The opening cutscene maintains the ongoing continuity of real-time narrative flow, refusing to cut to another angle in favor of simply gliding through space as though from the perspective of an invisible camera operator within the sequence. Hideo Kojima recurrently indicates the pervasive influence of film on his entire body of work, not only in lifting a composition by Ennio Morricone for this sequence or even just snatching the name “Snake” from John Carpenter’s Escape from New York, but also in reserving a markedly cinematic quality for rendered cutscenes. The indebtedness to John Carpenter is especially noteworthy in Ground Zeroes, as the opening cutscene’s unbroken ten-minute single take that follows the menacing journey of a skeletal war criminal and his secretive band of soldiers through Camp Omega recalls the extended opening take of Halloween’s equally enigmatic passage through nighttime space. As in Carpenter’s probing camera, Kojima swivels and swoops his simulacrum of a first person perspective between characters, into expressive close-ups, in and out of vehicles, and in graceful arcs even as it shudders like a handheld camera present within the scene. This shaky, on-the-ground quality lends the camerawork a stylized appeal certainly reminiscent of John Carpenter, but also in the roughness of Alfonso Cuarón’s camera in Children of Men or even in the constant movement of Orson Welles’ glides in the beginning of Touch of Evil. In terms of videogames, the single take through a militarized zone evokes Call of Duty 4: Modern Warfare’s riveting opening credits tour through a city in the midst of coup d’état, with Kojima’s camera lingering on similar visuals of prisoners knelt before armed guards and expressions of military power.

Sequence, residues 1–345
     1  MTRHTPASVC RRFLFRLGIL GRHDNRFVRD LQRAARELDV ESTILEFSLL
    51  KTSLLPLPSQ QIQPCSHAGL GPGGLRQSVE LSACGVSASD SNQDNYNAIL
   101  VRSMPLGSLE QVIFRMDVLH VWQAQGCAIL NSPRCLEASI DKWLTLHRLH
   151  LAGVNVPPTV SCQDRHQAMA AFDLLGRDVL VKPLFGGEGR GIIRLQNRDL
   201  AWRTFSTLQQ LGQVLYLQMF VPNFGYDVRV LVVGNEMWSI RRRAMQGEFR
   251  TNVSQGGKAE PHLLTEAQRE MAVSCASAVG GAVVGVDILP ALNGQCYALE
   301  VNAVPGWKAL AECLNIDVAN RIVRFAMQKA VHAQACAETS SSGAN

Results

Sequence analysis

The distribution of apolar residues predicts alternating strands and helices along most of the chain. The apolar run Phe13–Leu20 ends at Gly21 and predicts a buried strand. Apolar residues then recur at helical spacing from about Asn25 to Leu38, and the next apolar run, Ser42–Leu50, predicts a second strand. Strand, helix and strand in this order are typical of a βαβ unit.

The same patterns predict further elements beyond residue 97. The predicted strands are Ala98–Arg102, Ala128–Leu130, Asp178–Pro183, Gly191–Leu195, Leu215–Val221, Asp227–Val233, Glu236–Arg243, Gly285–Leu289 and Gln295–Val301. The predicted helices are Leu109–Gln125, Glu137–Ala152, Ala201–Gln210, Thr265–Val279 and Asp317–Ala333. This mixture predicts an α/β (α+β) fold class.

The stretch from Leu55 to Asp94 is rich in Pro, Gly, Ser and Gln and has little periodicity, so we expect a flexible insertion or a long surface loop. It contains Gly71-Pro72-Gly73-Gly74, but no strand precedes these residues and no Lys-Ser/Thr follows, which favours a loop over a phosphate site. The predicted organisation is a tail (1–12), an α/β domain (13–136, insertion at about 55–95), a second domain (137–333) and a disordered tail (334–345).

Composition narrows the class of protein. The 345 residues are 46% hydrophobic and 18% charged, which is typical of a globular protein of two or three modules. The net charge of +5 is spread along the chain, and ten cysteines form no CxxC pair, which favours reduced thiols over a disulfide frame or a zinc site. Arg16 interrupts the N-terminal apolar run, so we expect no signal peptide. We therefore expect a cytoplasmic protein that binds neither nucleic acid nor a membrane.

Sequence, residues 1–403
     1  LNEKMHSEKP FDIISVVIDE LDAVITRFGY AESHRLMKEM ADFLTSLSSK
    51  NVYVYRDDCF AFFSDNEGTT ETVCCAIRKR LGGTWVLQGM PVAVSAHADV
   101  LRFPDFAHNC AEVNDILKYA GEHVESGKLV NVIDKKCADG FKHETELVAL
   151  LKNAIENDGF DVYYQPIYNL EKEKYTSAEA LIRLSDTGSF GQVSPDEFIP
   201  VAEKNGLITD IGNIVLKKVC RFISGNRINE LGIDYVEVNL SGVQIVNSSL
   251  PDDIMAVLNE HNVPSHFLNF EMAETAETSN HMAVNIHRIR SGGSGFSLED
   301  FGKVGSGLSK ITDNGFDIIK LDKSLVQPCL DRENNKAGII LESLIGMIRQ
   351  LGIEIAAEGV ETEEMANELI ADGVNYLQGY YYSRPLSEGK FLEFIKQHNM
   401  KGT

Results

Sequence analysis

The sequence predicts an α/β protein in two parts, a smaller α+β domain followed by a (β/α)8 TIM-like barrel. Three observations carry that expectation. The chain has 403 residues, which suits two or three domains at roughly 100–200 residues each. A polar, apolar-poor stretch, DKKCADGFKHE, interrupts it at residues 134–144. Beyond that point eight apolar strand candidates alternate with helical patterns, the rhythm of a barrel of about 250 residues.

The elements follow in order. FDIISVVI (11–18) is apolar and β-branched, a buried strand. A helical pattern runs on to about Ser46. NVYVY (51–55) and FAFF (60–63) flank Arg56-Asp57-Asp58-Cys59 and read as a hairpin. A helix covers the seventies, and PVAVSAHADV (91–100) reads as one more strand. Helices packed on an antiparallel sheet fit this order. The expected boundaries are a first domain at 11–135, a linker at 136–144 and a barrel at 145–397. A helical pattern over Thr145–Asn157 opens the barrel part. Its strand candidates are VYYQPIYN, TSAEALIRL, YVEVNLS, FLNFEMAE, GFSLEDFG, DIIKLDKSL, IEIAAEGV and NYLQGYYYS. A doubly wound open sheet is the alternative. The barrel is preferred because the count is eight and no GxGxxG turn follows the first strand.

Aside from the impressive stylization of camera movement through space, the sheer visuals of the sequence alone underline the tight artistic direction of a developer confident in his craft. Hideo Kojima sets the scene in an expressive thunderstorm that cloaks the landscape under cover of darkness, veiling the harsh, overbearing glare of guard tower lights through the glint of rainfall. Long shadows and faceless antagonists cast an ominous tone for the game, informing the attitude with which the player will come to experience actual gameplay. Indeed, it’s in the blend of camera technique and rich visual expression that renders the work of a cutscene so integral to the game. Kojima remains cognizant of the differences between cutscene and actual gameplay, but he’s also more interested in bending these distinctions and foregrounding how both come to play important roles in the experiential whole. Cutscene and gameplay are not in conflict with one another, but exist as part of an uninterrupted, fluid narrative that delivers vital expository information and a palpable sense of tone. Moreover, Metal Gear Solid V: Ground Zeroes employs its single take cutscene as a temporal device that unbrokenly bridges one sequence to the next, linking entire worlds and sculpting through time.